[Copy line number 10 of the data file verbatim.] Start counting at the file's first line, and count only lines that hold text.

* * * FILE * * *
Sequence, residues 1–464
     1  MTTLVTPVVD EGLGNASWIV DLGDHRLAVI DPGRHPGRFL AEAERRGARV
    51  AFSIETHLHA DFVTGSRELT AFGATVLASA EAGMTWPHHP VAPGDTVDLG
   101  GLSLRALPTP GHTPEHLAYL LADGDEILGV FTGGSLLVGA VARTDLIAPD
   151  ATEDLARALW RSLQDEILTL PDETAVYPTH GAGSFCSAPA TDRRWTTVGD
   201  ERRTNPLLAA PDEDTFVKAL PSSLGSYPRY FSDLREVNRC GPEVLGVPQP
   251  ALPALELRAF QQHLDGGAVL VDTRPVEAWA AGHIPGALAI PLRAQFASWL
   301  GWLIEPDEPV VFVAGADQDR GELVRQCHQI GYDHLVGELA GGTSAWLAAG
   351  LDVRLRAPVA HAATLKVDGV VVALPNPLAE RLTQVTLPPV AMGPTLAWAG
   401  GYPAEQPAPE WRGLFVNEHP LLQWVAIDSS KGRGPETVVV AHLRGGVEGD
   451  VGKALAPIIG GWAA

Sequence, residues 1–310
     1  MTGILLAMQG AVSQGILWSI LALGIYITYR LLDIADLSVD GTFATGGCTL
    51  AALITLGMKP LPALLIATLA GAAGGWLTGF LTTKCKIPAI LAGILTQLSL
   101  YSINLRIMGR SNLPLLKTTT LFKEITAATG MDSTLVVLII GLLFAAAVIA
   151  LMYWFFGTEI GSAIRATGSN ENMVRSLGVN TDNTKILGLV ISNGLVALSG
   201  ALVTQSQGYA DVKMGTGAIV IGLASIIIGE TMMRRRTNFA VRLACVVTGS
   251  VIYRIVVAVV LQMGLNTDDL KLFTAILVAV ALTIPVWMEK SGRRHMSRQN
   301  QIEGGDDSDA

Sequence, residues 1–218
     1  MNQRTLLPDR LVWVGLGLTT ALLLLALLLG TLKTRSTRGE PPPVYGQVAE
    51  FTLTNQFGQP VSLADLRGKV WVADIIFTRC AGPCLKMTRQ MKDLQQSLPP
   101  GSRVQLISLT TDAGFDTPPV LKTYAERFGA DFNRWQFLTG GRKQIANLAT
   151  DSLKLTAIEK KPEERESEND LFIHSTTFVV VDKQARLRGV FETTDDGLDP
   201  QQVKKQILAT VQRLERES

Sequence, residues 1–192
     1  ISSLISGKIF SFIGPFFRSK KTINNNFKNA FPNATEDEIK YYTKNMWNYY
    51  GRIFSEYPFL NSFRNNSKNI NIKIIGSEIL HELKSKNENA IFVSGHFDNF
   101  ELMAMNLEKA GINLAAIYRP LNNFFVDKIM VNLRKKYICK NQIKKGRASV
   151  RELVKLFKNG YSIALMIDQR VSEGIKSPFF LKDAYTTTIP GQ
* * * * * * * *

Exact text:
   401  GYPAEQPAPE WRGLFVNEHP LLQWVAIDSS KGRGPETVVV AHLRGGVEGD